Many Colleges and Universities now teach Java in “Computer Programming 101”. The High School AP (Advanced Placement) test in computer science uses Java.

C. Introduction to StarLogo

The StarLogo language was designed to enable people to build their own models of complex, dynamic systems. Unlike many other modeling tools, StarLogo supports a tangible process of building, analyzing, and describing models that do not require advanced mathematical or programming skills. Using StarLogo, one can build and explore models and in the process one can develop a deeper understanding of patterns and processes in the world. In StarLogo, one writes simple rules for individual behaviors. For instance, one might create rules for a bird, which describe how fast it should fly and when it should fly towards another bird. When one watches many birds simultaneously following those rules, she can observe how patterns in the system, like flocking, arise out of the individual behaviors. Building up models from the individual, or "bird," level develops a better understanding of the system, or "flock," level behaviors.

D. Building Models and Presenting Data with Spreadsheets

The study of spreadsheets will be implementations of a priori models and presentation of data via graphs. Optional sessions in week two will follow up on models and graphs and an exploration of the statistical analysis features of Excel-compatible spreadsheets.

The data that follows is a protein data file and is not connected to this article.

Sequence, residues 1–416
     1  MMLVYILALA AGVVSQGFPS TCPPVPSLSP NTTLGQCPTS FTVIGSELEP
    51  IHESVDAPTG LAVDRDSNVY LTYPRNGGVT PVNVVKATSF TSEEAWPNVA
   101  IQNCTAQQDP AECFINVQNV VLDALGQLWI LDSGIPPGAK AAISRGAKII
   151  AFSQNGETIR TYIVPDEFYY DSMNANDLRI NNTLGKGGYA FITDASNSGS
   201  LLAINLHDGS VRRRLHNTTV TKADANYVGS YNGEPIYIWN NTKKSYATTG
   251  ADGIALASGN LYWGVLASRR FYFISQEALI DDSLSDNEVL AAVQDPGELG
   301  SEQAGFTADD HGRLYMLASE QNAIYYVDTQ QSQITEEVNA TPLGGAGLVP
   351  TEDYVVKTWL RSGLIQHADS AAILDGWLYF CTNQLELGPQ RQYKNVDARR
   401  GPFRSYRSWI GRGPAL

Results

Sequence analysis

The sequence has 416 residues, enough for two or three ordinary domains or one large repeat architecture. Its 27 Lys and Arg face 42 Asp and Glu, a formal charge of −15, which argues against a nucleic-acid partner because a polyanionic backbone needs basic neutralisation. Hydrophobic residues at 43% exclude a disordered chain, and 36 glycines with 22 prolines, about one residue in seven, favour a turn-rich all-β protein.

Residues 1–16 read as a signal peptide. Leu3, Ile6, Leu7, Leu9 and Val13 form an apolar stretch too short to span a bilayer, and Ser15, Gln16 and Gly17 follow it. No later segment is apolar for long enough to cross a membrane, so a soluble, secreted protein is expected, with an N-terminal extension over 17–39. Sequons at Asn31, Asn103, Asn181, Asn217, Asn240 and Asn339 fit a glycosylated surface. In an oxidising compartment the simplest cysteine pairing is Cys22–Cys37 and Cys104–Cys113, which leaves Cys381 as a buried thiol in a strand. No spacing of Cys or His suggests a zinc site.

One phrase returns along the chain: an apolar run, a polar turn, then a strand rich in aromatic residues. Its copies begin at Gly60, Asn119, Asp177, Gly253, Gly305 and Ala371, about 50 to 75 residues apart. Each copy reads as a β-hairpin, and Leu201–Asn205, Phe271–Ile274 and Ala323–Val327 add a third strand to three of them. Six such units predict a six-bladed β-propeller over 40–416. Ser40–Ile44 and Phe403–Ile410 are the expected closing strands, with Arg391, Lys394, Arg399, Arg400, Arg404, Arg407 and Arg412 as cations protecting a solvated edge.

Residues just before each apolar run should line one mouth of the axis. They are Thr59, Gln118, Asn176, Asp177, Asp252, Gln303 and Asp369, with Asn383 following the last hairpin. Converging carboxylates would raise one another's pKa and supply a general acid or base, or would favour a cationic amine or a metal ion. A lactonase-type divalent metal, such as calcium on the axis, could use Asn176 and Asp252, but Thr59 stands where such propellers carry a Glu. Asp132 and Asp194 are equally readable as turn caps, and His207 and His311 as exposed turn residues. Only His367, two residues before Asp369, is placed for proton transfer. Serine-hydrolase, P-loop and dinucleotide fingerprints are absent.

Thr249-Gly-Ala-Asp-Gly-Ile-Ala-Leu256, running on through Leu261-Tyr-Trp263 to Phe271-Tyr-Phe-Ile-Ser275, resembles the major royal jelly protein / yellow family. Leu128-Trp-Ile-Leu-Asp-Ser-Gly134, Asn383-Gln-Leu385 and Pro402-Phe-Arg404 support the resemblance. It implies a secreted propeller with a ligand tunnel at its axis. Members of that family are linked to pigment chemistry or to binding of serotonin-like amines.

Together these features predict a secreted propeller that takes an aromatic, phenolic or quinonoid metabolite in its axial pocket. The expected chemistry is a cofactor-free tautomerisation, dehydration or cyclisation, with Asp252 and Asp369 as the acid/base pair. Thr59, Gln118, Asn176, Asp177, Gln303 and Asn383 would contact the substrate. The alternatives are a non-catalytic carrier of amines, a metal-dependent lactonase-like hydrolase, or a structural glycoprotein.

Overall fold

Math Modeling

Mathematical modeling is the process of creating a mathematical representation of some phenomenon in order to gain a better understanding of it; mathematical modeling is an integral component of the computational science project. During the process of building a mathematical model, the modeler must decide what factors are relevant to the problem and what factors can be de-emphasized. Once a model has been developed and used to answer questions, it should be critically examined and often modified to obtain a more accurate reflection of the phenomenon. In this way, mathematical modeling is an evolving process; as new insight is gained, the process begins again as additional factors are considered. Generally the success of a model depends on how easily it can be used and how accurately it predicts.

The mathematical modeling/computational science module will include an overview of the role of mathematical modeling in the computational science project, modeling sites and resources, some examples of models (compartmental models, population models, epidemic models, one- and two-dimensional heat flow models, etc.), and an introduction to some pitfalls in numerical computation. Examples will be implemented in Excel, but can be programmed in JAVA or any other procedural computer language.

Internet Resources – The Challenge website, http://challenge.nm.org, will link to all important resources: Technical Guide, teacher resources on gender equity, ethics, computational science, mentors, research, presentations, technical writing, grants, programming, data resources, etc. Links to science, math, technology and computational science standards and ways to integrate technology into the curriculum will be utilized. These sites will be shared throughout the two weeks.

Course Requirements